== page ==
Addressing market definition issues in the context of Sherman Act antitrust claims, the U.S. Court of Appeals for the Federal Circuit affirmed a lower court’s ruling granting summary judgment to plaintiffs, finding that defendant’s proposed relevant market was too narrow. IGT v. Alliance Gaming Corp., Case No. 11-1166 (Fed. Cir., Dec. 17, 2012) (Reyna, J.) (Bryson, J., dissenting).
The plaintiff, IGT, is a designer, developer and manufacturer of computerized gaming machines, one of which is the “Wheel of Fortune,” a popular wheel game. IGT holds a number of patents on wheel games. The defendant, Bally Gaming International, also designs, develops and manufacturers gaming machines, including wheel games. IGT sued Bally for infringement of certain patents relating to wheel games. In response, Bally brought a counterclaim accusing IGT of illegal monopolization under Sherman Act § 2. IGT moved for summary judgment against Bally’s antitrust claim, and the district court granted the motion.
On appeal, Bally argued that the district court erred when it concluded that wheel games were not a relevant submarket of casino gaming machines. However, Bally had agreed with IGT that wheel games compete with all gaming machines because casinos mix and match products to maximize floor space revenue generation. Bally also agreed with IGT that wheel games did not require any special or unique production facilities and that the customers of wheel games—the casinos—were the same customers as all other gaming machines.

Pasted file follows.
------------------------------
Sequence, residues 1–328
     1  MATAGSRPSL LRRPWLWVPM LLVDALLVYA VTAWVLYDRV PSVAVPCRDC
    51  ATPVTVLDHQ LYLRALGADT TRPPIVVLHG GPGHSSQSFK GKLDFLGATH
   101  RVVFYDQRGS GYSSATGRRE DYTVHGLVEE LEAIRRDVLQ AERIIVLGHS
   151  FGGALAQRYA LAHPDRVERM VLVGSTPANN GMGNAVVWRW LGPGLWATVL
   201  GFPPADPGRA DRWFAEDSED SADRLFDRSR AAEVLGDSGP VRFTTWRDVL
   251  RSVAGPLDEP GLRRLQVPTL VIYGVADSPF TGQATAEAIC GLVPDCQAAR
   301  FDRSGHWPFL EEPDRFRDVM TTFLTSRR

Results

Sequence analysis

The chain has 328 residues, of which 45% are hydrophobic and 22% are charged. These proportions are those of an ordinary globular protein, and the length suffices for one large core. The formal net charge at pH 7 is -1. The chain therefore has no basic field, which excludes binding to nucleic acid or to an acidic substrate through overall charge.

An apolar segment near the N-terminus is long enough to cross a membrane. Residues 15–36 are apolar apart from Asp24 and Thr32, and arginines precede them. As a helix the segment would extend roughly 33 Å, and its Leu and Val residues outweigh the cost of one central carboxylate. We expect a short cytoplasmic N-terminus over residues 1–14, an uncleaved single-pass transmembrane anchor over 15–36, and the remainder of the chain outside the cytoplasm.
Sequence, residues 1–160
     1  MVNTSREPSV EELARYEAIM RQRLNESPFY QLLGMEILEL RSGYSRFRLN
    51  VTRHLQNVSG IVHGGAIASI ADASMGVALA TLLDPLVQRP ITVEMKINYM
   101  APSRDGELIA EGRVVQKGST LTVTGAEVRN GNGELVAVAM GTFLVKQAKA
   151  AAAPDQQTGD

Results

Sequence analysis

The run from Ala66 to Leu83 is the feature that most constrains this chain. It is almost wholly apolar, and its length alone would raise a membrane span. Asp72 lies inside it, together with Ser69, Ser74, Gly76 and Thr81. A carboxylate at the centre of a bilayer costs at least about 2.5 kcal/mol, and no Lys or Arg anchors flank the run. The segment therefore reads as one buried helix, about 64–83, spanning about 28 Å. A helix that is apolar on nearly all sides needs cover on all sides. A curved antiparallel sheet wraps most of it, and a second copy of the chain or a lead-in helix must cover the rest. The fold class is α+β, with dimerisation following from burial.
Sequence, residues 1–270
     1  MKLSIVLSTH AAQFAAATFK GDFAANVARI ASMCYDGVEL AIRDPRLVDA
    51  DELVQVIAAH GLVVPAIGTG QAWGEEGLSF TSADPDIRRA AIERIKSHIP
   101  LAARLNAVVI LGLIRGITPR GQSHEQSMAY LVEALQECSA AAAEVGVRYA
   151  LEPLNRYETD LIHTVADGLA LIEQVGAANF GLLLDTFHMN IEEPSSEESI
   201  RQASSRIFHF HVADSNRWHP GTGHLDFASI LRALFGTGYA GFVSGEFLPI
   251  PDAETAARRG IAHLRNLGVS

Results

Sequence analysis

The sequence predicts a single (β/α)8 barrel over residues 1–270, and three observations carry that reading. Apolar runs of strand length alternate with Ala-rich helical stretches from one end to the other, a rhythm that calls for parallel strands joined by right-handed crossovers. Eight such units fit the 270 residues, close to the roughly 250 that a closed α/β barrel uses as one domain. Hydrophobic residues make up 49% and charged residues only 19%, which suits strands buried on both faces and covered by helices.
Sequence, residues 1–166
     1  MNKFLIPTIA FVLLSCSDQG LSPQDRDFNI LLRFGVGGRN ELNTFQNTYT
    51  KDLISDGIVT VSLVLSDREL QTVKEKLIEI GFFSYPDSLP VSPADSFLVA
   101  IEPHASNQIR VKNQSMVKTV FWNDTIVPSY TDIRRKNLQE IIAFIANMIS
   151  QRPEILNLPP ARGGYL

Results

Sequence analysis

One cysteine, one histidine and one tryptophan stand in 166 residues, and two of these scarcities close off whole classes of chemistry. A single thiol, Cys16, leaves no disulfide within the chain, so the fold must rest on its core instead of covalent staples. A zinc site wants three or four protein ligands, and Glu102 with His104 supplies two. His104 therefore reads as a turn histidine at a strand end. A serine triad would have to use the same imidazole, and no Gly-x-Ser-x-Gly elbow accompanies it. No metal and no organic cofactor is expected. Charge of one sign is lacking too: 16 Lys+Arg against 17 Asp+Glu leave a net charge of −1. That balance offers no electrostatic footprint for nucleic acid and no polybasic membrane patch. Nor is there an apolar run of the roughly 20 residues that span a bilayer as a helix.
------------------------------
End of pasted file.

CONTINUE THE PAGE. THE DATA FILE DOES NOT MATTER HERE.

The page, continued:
Bally’s argument that wheel games were a relevant submarket was based, in part, on the proposition that some players preferred wheel games. The Federal Circuit found that what players preferred said nothing about whether wheel games should be considered a submarket under the Brown Shoe factors. The Brown Shoe factors include industry or public recognition of the submarket as a separate economic entity, the product’s peculiar characteristics and uses, unique production facilities, distinct customers, distinct prices, sensitivity to price changes and specialized vendors.
Bally further based its proposed relevant market on IGT’s argument supporting its patent infringement claims that there were no non-infringing substitutes of wheel games. According to Bally, this meant that IGT conceded that there were no substitutes for wheel games. The Federal Circuit disagreed, and held that an expert’s opinion that there were no non-infringing technological substitutes did not necessarily mean that there were no economic substitutes. According to the Court, Bally had not presented any evidence that there were no economic substitutes for wheel games, particularly in light of the fact that Bally had agreed wheel games competed with other gaming machines. Thus, the Federal Circuit ruled that the undisputed facts showed that meaningful competition existed between wheel games and all gaming machines, and as a result the district court did not decide a disputed issue of material fact.